This week in the tutorial we were focussing on coding and how that can be learned easily in the classroom. I did find it strange that we were focussing this due to the fact I did not think it was a necessary thing for students to be learning. However, after reading the technology syllabus, it became apparent that it is an aspect that needs to be addressed. I found this tutorial fairly difficult as the concept of coding was completely new to me, although I found the experience very entertaining and challenging.
When entering the tutorial room, we were instructed to begin a game called ‘Blocky’ and it immediately became apparent that this type of computational thinking is highly effective in teaching students how to problem solve in order to get to the correct solution. Other aspects that were seen include pattern recognition and algorithm design. As stated by Valerie Barr (Barr, Stephenson, 2011) there is a very heavy need for computational thinking in the classroom, before tertiary education, as students are exposed to a computing device every single day, so the need for them to be able to use it effectively and efficiently is of the utmost importance.
We also focussed on some non-computer based skills in order to understand why computational skills are so important. One activity was the De Bono 6 block quiz, we were to form groups and put the 6 blocks into positions that were correct according to what information was given to us. We were to use our own computational skills to answer the problem. This task can be used in a classroom, but should be targeted towards older students in stage 3 and above.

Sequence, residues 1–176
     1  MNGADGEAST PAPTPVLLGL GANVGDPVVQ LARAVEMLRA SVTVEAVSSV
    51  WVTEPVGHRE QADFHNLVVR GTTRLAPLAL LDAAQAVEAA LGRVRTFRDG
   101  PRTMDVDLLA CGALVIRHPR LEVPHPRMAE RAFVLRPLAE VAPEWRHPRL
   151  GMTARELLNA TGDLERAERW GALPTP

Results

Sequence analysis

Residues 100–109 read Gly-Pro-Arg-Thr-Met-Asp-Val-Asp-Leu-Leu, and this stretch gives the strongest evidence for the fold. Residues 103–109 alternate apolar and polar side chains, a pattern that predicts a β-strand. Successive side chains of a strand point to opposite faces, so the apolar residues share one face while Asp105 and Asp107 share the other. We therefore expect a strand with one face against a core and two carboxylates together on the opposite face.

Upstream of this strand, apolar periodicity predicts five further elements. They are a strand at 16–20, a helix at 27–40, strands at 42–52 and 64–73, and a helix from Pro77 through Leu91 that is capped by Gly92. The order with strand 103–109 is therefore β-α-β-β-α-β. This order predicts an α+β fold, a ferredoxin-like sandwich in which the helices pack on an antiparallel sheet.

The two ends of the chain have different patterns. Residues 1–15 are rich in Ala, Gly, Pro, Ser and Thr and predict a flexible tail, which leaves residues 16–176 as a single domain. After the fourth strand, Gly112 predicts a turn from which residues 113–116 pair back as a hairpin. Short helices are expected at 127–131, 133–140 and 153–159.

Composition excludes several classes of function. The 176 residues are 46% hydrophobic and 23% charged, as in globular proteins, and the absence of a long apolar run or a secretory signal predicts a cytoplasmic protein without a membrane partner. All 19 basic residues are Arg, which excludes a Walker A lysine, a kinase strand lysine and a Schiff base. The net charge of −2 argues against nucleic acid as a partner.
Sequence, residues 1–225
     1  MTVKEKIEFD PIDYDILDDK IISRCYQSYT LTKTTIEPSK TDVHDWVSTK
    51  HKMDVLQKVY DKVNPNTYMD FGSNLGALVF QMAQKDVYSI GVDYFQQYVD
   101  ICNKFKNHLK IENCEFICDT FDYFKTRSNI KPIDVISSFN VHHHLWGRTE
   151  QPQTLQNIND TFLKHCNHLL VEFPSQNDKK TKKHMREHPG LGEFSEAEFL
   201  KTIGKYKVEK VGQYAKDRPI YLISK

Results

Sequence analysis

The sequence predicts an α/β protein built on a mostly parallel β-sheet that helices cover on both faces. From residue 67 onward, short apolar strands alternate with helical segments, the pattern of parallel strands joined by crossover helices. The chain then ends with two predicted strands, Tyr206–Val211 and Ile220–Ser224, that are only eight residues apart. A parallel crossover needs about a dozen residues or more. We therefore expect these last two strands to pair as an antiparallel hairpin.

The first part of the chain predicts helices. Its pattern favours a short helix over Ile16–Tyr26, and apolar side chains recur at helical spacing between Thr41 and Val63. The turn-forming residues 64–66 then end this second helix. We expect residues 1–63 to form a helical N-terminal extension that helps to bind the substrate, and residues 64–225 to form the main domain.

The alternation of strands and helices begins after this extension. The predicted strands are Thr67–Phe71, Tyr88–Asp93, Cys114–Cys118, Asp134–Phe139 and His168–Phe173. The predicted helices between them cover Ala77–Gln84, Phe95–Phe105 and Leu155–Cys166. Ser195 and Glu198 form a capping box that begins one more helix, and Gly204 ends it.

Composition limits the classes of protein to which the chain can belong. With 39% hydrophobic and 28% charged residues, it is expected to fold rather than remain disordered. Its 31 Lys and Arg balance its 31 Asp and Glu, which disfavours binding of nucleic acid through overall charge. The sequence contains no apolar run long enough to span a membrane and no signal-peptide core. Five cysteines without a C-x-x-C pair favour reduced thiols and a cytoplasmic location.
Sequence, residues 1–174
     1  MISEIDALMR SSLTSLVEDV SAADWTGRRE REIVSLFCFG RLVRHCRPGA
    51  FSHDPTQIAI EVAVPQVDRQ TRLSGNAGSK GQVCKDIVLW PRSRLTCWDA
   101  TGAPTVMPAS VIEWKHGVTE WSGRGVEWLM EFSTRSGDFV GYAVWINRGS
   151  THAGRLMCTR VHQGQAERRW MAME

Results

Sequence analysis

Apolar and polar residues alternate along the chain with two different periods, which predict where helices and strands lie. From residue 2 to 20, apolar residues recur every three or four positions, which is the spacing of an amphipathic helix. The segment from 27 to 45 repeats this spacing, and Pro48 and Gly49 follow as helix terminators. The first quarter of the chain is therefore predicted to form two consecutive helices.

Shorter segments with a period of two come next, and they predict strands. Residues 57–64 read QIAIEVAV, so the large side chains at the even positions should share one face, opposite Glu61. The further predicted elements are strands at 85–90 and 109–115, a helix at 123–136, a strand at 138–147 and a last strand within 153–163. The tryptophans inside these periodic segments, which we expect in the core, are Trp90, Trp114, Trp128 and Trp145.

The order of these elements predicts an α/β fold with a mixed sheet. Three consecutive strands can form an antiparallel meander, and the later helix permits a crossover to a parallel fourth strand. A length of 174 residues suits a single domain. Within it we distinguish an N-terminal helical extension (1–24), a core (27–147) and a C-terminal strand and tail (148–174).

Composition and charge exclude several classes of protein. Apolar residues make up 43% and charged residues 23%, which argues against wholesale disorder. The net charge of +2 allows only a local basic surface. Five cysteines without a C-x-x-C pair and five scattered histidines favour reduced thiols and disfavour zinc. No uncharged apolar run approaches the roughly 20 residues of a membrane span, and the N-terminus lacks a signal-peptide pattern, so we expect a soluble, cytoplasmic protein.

To learn various skills we shown many different websites and technologies that helpful in teaching computational skills. An item that was of particular interest to me were 2 robots named Dot and Dash. These robots were used to show how coding can be used to allow actual objects to function. David, our tutor, showed us many different ways in which the robots would respond to coding from an iPad. Students would be able to use this technology to practice the various techniques that comes with coding such as loops and creating patterns. Learning these concepts in school will allow students to be more comfortable in their computational skills and give them new opportunities to discover new technologies and techniques.
|Barr, V., & Stephenson, C. (2011). Bringing Computational Thinking to K-12: What is Involved and What is the Role of the Computer Science Education Community?. Comprehensive Articles, 2(1), 48-54.|